Today, Sunshine House lives up to its name. Afternoon sunlight streams in through the windows, warming up the cosy main room. The walls are cluttered with art and the air smells of fresh coffee. A vase bursting with cheery yellow tulips sits on the craft table, where nearly 200 festively hand-painted shakers have been readied for a concert.
Sunshine House is a drop-in centre located at the corner of Logan and Sherbrook that largely serves street-involved and homeless people, many of whom are affected by addiction, HIV and the hepatitis C virus.
With an emphasis on harm reduction, Sunshine House offers basic support services -- including meals, laundry facilities, shower facilities, a clothing depot, computer access and access to health resources -- and is one of the only facilities of its kind open to solvent users.
'(Sunshine House) operates on the understanding that there's never the intention to fix anybody. But we want to make the stuff that goes on here as interesting and dynamic as possible so that people will come and use it.'
It's also the site of a band/recording project dubbed JD and the Sunshine Band, spearheaded by singer/songwriter JD Ormond. He, along with a cast of local musicians -- guitarist Vince Andrushko, drummers (and brothers) Adrian and Gilbert Spence, accordionist Shelley Marshall of Nathan Recording Co. -- provides the backbone of the band, while the Shiners, a crew of Sunshine House drop-ins, provide the heart. They contribute all manner of percussion, backup vocals and lyrics. Drop-ins don't have to participate, but most do.
The band, which meets Mondays and Wednesdays from 2 until 4 p.m., has recorded an album at Sunshine House -- with the assistance of Blake Thomson of local roots act the F-Holes -- and is celebrating with a CD release show/fundraiser at Crossways in Common. It's the culmination of months of hard work and a lot of fun.
The recording project is an extension of the Solvent Users' Recreation Project (SURP). Co-ordinated by Sunshine House staff and delivered in partnership with Mount Carmel Clinic, the program is designed to engage solvent users -- among the most marginalized individuals in the city -- in recreational activities. The goal? Enhance participants' quality of life, help them build skills and expand support networks.
"(Sunshine House) operates on the understanding that there's never the intention to fix anybody," says Margaret Ormond, special projects manager at Sunshine House and JD's mom. "But we want to make the stuff that goes on here as interesting and dynamic as possible so that people will come and use it."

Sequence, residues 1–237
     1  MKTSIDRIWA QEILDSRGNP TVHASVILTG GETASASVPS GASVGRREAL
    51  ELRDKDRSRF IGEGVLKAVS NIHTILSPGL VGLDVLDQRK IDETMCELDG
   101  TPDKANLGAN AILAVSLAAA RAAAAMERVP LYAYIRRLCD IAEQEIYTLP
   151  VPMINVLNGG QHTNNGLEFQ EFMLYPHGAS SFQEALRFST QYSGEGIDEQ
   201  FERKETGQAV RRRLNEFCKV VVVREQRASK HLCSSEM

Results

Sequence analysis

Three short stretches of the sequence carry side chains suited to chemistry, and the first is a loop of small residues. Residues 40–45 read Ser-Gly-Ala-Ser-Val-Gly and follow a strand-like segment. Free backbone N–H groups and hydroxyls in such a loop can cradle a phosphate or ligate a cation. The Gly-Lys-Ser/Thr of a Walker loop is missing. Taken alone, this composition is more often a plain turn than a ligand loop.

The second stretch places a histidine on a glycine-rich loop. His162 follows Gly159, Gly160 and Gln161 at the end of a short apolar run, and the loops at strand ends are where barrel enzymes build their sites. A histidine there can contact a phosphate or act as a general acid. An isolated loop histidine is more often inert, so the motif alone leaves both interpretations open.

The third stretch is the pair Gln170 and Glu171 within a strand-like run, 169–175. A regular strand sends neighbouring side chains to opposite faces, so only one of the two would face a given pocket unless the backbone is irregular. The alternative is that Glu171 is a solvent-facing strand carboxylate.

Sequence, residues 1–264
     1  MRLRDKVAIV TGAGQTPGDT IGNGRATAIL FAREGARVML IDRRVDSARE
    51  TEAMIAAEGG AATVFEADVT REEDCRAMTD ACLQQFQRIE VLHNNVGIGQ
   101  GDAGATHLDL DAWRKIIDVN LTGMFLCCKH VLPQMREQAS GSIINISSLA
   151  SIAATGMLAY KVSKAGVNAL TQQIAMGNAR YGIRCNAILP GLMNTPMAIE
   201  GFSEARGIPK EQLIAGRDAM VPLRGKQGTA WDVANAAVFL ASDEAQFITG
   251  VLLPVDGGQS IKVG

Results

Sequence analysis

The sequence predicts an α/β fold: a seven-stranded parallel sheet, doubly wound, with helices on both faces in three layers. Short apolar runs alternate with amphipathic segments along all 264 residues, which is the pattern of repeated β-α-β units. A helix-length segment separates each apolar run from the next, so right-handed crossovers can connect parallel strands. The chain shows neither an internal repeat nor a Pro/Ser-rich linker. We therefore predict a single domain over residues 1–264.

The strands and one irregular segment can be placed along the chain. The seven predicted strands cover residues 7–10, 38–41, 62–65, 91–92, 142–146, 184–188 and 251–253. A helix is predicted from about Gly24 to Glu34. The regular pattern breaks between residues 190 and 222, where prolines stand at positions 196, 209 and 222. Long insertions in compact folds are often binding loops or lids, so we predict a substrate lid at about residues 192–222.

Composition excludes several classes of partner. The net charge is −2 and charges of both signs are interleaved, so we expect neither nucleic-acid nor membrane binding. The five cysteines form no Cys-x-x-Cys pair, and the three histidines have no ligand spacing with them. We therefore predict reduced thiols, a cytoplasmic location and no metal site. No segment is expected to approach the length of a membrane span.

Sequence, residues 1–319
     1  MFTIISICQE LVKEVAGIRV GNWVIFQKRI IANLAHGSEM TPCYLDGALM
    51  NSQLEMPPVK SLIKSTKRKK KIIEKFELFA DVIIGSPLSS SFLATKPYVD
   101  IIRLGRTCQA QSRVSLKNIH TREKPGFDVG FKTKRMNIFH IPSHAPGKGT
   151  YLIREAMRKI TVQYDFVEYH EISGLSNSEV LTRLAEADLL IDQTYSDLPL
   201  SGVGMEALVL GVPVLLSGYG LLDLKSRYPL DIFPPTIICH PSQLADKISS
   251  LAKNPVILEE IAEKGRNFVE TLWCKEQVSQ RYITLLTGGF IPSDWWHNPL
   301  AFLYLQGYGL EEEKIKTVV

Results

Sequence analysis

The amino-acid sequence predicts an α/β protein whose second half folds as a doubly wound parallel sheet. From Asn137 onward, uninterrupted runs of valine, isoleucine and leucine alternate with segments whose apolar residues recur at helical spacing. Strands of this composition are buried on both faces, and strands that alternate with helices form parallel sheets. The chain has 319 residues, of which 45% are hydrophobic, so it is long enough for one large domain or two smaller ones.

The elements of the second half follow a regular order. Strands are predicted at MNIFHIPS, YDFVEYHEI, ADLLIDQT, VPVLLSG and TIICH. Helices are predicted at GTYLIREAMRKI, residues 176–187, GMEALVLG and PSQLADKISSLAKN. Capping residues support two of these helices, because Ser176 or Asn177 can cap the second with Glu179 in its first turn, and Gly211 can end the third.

SURP launched in November 2012 with a drop-in art group held on Tuesday and Thursday afternoons. Participants painted a mural, created the Sunshine House sign and did beading and other crafts. It wasn't long before SURP evolved into a series of modules that lasted between five and eight weeks each. These modules offered everything from boxing and bike repair to photography and drum-making.
But, by far and away, the most popular module was music. When SURP's pilot wrapped in the summer of 2013, JD and the rest of the evaluation committee assessed each module to see what worked -- and what could be built upon to perhaps bring in some revenue. "We don't have any core funding here anymore," JD says. That's a real frustration at Sunshine House, which relies on fundraising. They want to do more.
As a songwriter, Ormond was also interested in telling the stories of Sunshine House's patrons.
"We decided to open up the drop-in again after we decided to make the album, but there was a period that was in limbo. I knew I wanted to make an album, but the format was a challenge. How am I going to encapsulate the stories and everything and make an album based around this population? How am I going to do this appropriately? Am I going to rent a room at the West Hotel (on Main Street)? Probably not."
So JD worked collaboratively with participants. He wasn't short on inspiration; as his mother says of Sunshine House, "There are lots of stories here." Many of them are sad; many of them are funny. He took those raw details and shaped them into original songs that are punctuated by in-jokes and slang. The album, which also features beautiful artwork by local artist James Culleton, is a document of the people who made it.
People like Marvin, one of the group's most gregarious participants. He cracks jokes and has an easy laugh. He sits in the front row and makes sure the Shiners keep time. He plays the kazoo.
For Marvin, the Sunshine Band has been a lifeline. "It keeps me away from stuff -- and it keeps me out of trouble," he says, as the band jams in the background. "Sniffing took away half my life. I'm 40 years old, and I've been sniffing for half my life. It was a hard thing to get off. I quit sniffing for my dad's birthday -- March 17, 2004." Ten years later, Marvin can't stand the smell of solvents.
"You know, it's also just fun up there," he adds. "We had a rehearsal and Neechi Foods and everyone was still clapping after the song was over. That was a good feeling."
JD echoes that sentiment. "It's a lot of fun," he says. "And it's an opportunity for people to be involved with something that will have legs beyond this."